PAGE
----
Winter advice on animals

Senior Inspector Stuart Murray with a pony in the wintry conditions.
Senior Inspector Stuart Murray with a pony in the wintry conditions.

The Scottish SPCA is urging owners to keep animals safe this winter.

Scotland’s animal welfare charity has issued advice to pet owners, farmers and wildlife enthusiasts ahead of the arrival of winter weather.

Scottish SPCA chief superintendent Mike Flynn said, “Freezing temperatures and deep snow can be very dangerous for domestic pets, equines, farm animals and wildlife.

“We always urge dog owners to keep their pets on the lead near frozen waterways and people must never go after their dog if it walks out onto the ice.

“Each year we hear of incidents where people have tried to rescue their pet from a frozen river or lake, often with tragic consequences, and we’re keen to make sure both animals and owners stay safe this winter.

“Cat owners should also make adequate provisions for their pets by ensuring they have access to somewhere warm when the temperature drops.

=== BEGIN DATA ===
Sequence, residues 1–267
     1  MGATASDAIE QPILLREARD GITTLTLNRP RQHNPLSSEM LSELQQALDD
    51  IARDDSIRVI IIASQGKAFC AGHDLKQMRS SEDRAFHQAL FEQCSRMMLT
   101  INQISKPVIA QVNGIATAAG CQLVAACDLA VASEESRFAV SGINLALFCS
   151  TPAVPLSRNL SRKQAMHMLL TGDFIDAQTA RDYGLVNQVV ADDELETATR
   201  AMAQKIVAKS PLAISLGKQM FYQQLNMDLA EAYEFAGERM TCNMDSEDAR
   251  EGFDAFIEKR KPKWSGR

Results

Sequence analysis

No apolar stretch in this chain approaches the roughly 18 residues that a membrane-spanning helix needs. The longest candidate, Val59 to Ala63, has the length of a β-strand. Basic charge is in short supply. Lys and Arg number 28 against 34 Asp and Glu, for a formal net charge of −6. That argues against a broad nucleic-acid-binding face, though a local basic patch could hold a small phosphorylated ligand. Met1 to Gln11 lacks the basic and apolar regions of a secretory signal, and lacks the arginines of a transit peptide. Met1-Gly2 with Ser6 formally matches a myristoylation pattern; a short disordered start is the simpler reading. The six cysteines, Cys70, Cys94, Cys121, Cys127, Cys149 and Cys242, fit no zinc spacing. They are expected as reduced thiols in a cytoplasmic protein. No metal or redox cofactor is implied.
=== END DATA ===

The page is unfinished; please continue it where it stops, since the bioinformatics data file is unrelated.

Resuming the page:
“All animals kept outdoors should have shelter, extra food, plenty of bedding and must have access to unfrozen drinking water.

“In the worst winter weather, owners of rabbits and other pets kept in outdoor hutches should move them inside where possible.

“The level of snowfall and treacherous conditions can make it hard for farmers to monitor their animals but, again, it is vital that they have access to unfrozen drinking water and food.

“It is also kind to feed wild birds at this time of year as their natural food sources will be scarce.”

Anyone who finds an animal in distress over the winter period is being encouraged to contact the Scottish SPCA for help and advice.

Chief Supt Flynn added, “Last year we dealt with a large number of wildlife casualties such as underweight hedgehogs found struggling to survive and orphaned or injured seal pups.

“Anyone who spots a sick, injured or distressed animal should call our Animal Helpline on 03000 999 999.”

For domestic pets, ensure pet food supplies are sufficient to last periods when it is unsafe to drive or walk outdoors to re-stock. Pets kept in outdoor hutches or kennels should be provided with extra bedding.